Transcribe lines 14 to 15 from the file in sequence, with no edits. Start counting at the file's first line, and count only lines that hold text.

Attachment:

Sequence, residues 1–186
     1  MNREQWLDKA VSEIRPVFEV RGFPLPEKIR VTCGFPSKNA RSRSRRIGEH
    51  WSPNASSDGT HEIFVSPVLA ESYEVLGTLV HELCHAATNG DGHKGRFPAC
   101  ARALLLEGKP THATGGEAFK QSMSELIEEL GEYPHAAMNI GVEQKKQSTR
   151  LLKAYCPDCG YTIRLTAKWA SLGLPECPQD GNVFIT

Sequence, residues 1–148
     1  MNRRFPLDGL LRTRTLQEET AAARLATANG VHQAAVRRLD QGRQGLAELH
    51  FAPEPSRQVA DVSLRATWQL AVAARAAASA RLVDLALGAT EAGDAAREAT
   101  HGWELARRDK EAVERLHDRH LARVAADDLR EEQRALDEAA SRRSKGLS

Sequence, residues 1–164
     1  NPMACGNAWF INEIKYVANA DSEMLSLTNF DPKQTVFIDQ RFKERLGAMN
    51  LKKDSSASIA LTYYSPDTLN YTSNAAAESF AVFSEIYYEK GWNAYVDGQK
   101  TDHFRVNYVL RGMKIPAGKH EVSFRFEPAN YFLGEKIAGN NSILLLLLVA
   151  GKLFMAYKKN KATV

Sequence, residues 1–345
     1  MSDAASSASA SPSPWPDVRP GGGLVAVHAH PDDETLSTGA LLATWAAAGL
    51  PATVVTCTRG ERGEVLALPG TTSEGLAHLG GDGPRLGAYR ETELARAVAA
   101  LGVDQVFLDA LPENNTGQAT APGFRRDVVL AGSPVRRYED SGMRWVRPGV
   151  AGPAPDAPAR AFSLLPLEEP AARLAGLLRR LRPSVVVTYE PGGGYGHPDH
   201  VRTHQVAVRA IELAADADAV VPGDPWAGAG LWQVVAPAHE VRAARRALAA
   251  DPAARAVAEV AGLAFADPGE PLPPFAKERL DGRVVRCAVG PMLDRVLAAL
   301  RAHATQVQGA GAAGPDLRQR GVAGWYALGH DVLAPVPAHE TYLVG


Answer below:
   151  GKLFMAYKKN KATV

Sequence, residues 1–345